Thursday, January 16, 2014
What makes a puzzle hard–II (Puzzle No. 3,310)
Link to puzzle: http://www.thenation.com/article/177922/puzzle-no-3310
Degree of difficulty (by standards of this weekly puzzle): moderate to hard
Hozom’s comment: “A Conversation with Fraser Simpson” in which Hot and Trazom introduce us to Canada’s foremost constructor. Simpson has been setting the weekly cryptic in the Toronto Globe and Mail for two decades (I’m not aware of any regular blogging of that puzzle; I’ll have to ask Falcon if he knows anyone), and he pretty much has licence to define the Canadian style of cryptics.
Themework (no spoiler here): obvious cross-referencing to 10a
As I was saying last week, there are several dimensions of difficulty in a cryptic crossword. I think though that most people will say “that one was hard” or “that one was easy” based on how much effort it took to finish filling in the grid. You have three ways to get an answer in a cryptic: the wordplay, the definition, and the intersecting letters. To get stumped, you have have to go 0 for 3. So even if the wordplay is unconventional (such as a rebus clue from Hot and Trazom or a Brit clue that doesn’t quite follow Ximenean rules), there’s the other two to fall back on.
So I find puzzles hard if there are obscure words in the fill or if strange definitions(*) are being used. That’s why it’s easier for constructors to make hard cryptics than to make easy ones, and why it takes good constructors like Hex to make a ‘smooth’ puzzle of easy to medium difficulty. When the constructor gets down to the last few pieces of a puzzle to fit together, often he or she resorts to an obscure word or to crosswordese to get the job done (I’m looking at you, New York Times...)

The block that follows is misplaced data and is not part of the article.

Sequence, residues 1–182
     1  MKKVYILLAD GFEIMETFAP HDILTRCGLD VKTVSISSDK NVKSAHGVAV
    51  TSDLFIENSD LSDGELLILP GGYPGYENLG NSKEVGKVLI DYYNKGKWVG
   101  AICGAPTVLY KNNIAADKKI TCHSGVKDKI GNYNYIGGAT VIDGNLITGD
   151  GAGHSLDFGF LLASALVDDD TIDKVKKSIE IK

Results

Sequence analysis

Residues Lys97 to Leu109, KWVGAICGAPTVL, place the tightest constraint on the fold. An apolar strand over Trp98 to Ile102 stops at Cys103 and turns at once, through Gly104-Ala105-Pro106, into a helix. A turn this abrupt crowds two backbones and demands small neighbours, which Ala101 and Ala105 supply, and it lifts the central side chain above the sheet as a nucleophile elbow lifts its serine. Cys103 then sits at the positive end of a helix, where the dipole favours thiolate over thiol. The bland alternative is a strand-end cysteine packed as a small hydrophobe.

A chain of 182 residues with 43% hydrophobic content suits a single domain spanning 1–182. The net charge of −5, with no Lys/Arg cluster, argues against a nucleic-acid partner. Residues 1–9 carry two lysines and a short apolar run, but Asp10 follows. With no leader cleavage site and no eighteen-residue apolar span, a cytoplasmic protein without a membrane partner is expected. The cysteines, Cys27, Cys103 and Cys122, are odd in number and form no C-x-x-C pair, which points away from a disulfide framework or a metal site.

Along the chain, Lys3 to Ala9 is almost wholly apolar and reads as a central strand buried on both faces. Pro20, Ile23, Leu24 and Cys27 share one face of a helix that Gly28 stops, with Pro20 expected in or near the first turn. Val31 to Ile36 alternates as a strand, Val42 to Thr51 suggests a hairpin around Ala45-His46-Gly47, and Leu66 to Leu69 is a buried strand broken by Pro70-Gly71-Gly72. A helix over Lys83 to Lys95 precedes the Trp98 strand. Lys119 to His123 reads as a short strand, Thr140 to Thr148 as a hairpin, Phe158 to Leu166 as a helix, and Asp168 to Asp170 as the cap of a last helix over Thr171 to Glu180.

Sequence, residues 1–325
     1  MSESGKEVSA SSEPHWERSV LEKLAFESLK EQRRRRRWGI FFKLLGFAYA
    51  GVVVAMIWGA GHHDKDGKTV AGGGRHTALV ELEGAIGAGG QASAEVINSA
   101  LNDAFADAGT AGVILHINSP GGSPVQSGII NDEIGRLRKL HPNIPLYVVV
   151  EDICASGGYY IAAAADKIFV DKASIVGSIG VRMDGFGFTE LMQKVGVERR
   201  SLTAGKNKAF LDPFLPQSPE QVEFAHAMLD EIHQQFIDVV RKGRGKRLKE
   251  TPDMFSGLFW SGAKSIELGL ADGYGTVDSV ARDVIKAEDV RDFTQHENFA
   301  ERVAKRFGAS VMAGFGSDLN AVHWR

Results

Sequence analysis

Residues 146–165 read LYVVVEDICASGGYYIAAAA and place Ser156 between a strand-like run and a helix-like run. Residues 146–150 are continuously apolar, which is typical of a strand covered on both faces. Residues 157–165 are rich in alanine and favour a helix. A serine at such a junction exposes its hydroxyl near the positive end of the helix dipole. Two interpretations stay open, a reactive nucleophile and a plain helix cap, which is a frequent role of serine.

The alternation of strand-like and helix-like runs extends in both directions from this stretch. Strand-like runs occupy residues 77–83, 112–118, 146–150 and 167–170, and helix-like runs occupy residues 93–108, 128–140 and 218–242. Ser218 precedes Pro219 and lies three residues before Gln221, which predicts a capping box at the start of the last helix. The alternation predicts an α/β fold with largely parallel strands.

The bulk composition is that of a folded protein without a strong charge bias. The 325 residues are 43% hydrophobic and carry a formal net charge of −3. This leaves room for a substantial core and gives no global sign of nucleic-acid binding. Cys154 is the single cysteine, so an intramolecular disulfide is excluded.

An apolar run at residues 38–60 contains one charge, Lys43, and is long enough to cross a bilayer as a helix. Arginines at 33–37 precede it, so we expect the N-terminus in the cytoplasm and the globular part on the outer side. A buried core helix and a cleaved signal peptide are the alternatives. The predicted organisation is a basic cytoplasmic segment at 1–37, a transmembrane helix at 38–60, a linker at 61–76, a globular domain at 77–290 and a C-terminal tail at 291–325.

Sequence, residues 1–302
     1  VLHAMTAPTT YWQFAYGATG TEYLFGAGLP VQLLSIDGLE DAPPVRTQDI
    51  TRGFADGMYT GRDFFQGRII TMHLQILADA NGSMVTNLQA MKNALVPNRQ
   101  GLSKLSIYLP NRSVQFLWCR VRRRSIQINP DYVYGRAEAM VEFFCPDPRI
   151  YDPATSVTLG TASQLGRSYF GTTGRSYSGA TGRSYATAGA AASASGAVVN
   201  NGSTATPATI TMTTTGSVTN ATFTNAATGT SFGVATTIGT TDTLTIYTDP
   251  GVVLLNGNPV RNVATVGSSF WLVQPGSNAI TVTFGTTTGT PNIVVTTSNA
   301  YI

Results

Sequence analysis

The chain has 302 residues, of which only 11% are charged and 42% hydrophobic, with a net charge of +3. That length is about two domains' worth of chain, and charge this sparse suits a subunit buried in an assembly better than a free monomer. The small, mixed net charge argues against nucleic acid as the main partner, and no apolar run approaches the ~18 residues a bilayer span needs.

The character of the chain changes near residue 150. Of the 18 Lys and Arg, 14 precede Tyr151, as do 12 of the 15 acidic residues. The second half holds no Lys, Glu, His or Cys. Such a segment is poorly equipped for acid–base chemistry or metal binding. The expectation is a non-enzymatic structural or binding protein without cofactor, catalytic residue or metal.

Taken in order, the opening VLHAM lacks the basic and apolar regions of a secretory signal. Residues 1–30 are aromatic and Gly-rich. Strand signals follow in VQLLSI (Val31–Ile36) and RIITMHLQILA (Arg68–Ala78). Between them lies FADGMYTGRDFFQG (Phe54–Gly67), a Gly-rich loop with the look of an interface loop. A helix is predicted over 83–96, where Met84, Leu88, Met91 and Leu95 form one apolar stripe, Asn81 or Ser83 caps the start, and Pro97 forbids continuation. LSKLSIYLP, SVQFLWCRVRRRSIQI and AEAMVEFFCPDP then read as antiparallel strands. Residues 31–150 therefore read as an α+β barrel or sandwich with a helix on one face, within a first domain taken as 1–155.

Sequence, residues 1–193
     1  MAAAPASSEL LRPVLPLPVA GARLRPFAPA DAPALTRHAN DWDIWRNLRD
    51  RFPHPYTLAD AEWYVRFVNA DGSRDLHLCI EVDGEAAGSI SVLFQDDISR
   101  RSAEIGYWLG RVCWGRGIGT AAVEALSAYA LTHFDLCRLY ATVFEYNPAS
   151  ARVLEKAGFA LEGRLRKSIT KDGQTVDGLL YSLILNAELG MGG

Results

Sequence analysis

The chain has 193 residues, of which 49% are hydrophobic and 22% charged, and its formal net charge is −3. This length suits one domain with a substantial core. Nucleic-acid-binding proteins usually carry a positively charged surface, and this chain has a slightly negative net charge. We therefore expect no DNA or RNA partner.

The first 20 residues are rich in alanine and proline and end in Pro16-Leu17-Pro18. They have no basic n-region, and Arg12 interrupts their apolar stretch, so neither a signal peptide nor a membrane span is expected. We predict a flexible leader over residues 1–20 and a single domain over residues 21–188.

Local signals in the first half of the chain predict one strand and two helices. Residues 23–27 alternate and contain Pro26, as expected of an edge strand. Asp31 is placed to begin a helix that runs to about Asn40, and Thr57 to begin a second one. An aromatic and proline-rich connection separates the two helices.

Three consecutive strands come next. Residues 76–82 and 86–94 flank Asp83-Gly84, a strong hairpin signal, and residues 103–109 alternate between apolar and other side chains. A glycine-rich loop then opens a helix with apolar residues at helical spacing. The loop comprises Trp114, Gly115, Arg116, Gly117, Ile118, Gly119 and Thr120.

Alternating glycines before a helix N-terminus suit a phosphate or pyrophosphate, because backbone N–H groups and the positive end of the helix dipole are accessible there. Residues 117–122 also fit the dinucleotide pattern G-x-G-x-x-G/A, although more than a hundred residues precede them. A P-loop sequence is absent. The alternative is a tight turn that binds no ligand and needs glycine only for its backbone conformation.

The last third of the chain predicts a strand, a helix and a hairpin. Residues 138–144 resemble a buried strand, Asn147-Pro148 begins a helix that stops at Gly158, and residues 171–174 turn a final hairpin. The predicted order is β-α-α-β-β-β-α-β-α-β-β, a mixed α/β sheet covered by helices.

Cryptic definitions don‘t have to be as precise as those of straight crosswords, since we’ve got another way to check them. A constructor who wants to make a fair but difficult puzzle can take advantage of this by leaving enough uncertainty in the definition to make you parse out the wordplay to confirm you have the right answer. That can be pretty rewarding from the solver’s perspective, since you’ve had to exercise both parts of the clue to get done.
Test solvers can help constructors by making note of which of the three elements they used to get a puzzle solved. If you make people use two or even three at a time, constructors, you’re doing well. If people can get nearly all the answers on wordplay, you need to obfuscate your wordplay better. If people can get nearly all the answers on definition, you need more complicated fill. And if everyone is getting hung up on the same answer, then you need to change that part.
Part III next week: why variety cryptics are harder than straight cryptics. And join us this weekend for a new Harper’s and more for Sunday brunch!
*--secondary definitions are another story. They’re not hard, they’re just not obvious. You get the word from the crossing letters or after you’ve looked at the puzzle a third or fourth time, and you slap your forehead for being dumb and missing it.